White voters backed President Donald Trump in droves in 2016, but four years later, Democratic presidential nominee Joe Biden is holding his own with the decisive voting bloc, which is compensating for his comparative softness among Black and Hispanic voters, who are supporting the Democratic candidate at a slightly lower rate this time around.
Morning Consult Political Intelligence tracking conducted Sept. 11-13 found Biden trailing Trump among white likely voters by 5 percentage points, 45 percent to 50 percent — a much tighter deficit than the 15-point loss that Hillary Clinton suffered four years ago, according to Morning Consult exit polling.
The narrower margin translates into an 8-point national lead for Biden among likely voters, despite underperformance among voters of color: The former vice president leads Trump among Black and Hispanic voters as well as voters of other races such as Asian Americans and American Indians, but does so by smaller margins than Clinton did four years ago. That performance gap among voters of color is strongest among Hispanics, whom Clinton won by a 37-point margin in 2016, compared with a 21-point edge for Biden in Morning Consult’s latest daily tracking.
Biden and Trump roughly match their national standing among Hispanic voters in Florida, a state that could serve as an early Election Night knockout punch if carried by the Democratic challenger, and Texas, where Democrats face a more uphill climb in piercing a longtime presidential Republican stronghold.
The state tracking, conducted Sept. 4-13, found Biden’s support among Black voters is unflinching across key battlegrounds, including Georgia, North Carolina and Pennsylvania, where he was born.
The state of the race among white voters — heavily influenced by the educational divide between those with a college degree and those without — varies based on the map.
In Arizona, Pennsylvania and the upper Midwest, college-educated whites tend to back Biden, pulling him fairly close to the president among the broader group. Traveling south, Trump performs better among college-educated whites in Florida, North Carolina and Texas. Those margins, combined with his edge among white voters without a college degree, swells the president’s advantage with the bloc.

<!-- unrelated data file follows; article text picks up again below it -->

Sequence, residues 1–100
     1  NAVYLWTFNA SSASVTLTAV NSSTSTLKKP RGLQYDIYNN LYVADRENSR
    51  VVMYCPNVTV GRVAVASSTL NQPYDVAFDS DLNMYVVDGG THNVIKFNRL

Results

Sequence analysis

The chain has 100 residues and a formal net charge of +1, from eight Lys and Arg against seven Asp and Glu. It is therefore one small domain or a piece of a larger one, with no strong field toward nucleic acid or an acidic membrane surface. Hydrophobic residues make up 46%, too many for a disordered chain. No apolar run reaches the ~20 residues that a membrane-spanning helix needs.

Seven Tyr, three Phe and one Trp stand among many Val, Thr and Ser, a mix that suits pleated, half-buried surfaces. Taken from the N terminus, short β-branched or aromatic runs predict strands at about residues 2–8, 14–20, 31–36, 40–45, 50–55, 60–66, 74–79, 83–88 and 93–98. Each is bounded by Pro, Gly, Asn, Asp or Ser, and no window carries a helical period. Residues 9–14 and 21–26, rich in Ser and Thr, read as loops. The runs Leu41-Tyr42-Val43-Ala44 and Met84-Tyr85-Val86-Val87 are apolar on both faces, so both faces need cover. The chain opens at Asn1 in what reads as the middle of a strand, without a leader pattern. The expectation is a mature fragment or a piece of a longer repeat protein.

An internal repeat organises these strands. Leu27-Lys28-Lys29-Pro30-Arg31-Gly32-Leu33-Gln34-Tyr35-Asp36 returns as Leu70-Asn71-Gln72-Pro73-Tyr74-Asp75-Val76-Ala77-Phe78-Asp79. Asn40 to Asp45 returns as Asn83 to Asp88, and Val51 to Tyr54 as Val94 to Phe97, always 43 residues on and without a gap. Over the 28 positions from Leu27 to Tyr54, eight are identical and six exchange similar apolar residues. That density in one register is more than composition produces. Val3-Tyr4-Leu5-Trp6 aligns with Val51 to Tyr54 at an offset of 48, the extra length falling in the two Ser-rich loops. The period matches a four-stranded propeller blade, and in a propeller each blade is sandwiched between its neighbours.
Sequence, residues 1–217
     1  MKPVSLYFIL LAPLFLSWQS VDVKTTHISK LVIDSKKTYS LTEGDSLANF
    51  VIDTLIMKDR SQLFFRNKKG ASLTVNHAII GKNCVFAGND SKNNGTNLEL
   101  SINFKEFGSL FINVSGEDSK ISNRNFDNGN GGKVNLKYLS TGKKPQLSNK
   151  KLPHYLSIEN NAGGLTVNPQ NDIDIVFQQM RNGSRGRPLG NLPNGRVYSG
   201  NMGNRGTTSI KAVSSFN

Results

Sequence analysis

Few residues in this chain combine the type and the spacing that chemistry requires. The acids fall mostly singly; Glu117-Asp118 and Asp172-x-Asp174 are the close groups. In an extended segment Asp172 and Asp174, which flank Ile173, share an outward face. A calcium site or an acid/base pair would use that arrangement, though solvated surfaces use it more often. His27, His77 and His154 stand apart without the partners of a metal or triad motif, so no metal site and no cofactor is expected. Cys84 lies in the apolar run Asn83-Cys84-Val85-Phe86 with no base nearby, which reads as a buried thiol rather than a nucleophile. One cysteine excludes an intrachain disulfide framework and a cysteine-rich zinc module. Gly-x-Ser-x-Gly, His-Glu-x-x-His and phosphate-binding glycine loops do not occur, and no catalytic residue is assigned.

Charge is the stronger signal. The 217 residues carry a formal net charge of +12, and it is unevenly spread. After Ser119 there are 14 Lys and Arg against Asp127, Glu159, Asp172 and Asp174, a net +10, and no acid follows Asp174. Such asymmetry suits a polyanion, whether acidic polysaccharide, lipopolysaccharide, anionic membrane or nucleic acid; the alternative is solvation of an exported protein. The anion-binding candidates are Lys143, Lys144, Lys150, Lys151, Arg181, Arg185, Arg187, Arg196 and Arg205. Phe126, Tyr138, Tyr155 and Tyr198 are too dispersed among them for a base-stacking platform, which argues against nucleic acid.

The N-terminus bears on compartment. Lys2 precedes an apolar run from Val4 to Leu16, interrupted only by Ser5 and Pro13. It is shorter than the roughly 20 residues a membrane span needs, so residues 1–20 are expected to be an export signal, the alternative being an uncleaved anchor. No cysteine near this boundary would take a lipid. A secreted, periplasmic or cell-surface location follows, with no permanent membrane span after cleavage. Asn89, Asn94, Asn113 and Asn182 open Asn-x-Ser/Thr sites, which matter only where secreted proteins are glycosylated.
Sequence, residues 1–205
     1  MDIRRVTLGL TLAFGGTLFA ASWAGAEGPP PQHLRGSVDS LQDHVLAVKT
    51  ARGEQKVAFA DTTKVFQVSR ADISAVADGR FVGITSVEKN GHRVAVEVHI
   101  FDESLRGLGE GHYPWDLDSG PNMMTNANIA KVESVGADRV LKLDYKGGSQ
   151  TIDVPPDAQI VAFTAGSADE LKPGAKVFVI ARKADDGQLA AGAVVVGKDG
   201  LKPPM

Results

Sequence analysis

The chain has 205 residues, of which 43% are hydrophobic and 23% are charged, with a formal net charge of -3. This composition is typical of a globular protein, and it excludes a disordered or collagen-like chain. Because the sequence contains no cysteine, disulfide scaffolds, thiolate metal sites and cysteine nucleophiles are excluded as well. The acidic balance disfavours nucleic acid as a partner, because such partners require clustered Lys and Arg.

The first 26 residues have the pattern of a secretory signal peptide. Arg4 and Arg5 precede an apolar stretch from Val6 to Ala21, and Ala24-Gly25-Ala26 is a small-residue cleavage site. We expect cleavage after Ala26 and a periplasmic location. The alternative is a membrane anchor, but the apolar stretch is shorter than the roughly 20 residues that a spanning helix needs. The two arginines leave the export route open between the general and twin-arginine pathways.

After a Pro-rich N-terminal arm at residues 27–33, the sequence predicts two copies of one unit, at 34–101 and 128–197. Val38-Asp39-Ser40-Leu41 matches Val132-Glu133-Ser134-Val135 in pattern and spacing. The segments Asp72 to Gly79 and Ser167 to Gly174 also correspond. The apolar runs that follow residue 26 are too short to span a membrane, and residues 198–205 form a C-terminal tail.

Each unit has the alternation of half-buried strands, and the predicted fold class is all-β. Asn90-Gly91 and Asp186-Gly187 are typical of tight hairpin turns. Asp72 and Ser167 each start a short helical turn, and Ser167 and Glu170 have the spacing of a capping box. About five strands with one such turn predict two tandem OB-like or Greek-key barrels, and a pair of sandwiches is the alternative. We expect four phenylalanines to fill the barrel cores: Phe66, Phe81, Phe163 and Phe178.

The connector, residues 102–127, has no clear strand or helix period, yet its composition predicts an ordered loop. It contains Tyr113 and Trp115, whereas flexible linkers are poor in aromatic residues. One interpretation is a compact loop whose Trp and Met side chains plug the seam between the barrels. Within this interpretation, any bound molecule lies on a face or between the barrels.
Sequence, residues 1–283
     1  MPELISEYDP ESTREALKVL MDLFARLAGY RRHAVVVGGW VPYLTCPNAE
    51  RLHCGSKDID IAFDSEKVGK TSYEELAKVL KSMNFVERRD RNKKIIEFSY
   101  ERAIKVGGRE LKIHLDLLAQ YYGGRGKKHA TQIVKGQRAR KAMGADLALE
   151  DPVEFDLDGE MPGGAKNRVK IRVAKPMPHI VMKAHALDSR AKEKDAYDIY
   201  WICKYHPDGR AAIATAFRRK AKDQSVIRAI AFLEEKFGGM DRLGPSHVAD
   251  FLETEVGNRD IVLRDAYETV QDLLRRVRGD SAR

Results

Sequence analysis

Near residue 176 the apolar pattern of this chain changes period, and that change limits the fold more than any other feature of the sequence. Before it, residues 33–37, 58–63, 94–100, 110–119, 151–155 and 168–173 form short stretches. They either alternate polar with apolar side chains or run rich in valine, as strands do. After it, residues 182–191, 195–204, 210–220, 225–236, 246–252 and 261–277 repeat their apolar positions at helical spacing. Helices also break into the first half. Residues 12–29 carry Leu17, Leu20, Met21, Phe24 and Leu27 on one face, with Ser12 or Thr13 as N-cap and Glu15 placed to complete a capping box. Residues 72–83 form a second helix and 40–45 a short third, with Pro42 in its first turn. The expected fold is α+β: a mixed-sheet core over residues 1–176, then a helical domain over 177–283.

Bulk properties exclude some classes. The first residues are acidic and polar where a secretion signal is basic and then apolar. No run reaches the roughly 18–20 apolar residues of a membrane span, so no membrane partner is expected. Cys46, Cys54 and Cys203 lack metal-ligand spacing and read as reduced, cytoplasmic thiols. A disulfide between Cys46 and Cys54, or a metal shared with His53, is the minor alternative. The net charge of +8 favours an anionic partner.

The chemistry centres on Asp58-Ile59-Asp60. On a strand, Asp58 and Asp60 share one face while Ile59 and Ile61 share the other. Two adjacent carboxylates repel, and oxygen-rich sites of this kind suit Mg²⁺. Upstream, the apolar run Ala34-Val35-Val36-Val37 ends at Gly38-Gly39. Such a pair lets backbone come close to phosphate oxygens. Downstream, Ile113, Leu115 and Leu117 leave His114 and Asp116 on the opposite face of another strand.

Despite that advantage among so-called working-class white voters, a loss of their support appears to be driving Trump’s relative weakness among white voters compared to four years ago: The latest polling found he leads among whites without college degrees by 15 points, compared with a 37-point victory over Clinton in the 2016 election, according to CNN’s exit polling collected at the time.
The same trend is true on a smaller scale for white voters who did graduate college: After notching a 3-point win among those voters in 2016, he now trails Biden by 6 points.
For voters of color, the educational divide’s impact on vote choice is muted by comparison. Black voters with college degrees are roughly as likely to back Biden as those without. Hispanic voters who did not graduate from college are slightly more likely to back the vice president than those who did, but not much more so, and there is little difference when accounting for education among voters of other races.
Such a divide is minimal among white voters but appears on the margins in the Black electorate: 86 percent of the Black voters over the age of 45 back Biden, while 82 percent of those younger than 45 years old support the former vice president. Younger Hispanic voters — and in particular, those with college degrees — are less likely than their older counterparts to say they would vote for Biden in November, while those of other races follow the direction of the overall electorate.
In the overall electorate, polling shows older voters are more likely to back Trump, though by a smaller margin than in 2016, while younger voters are more likely to back Biden.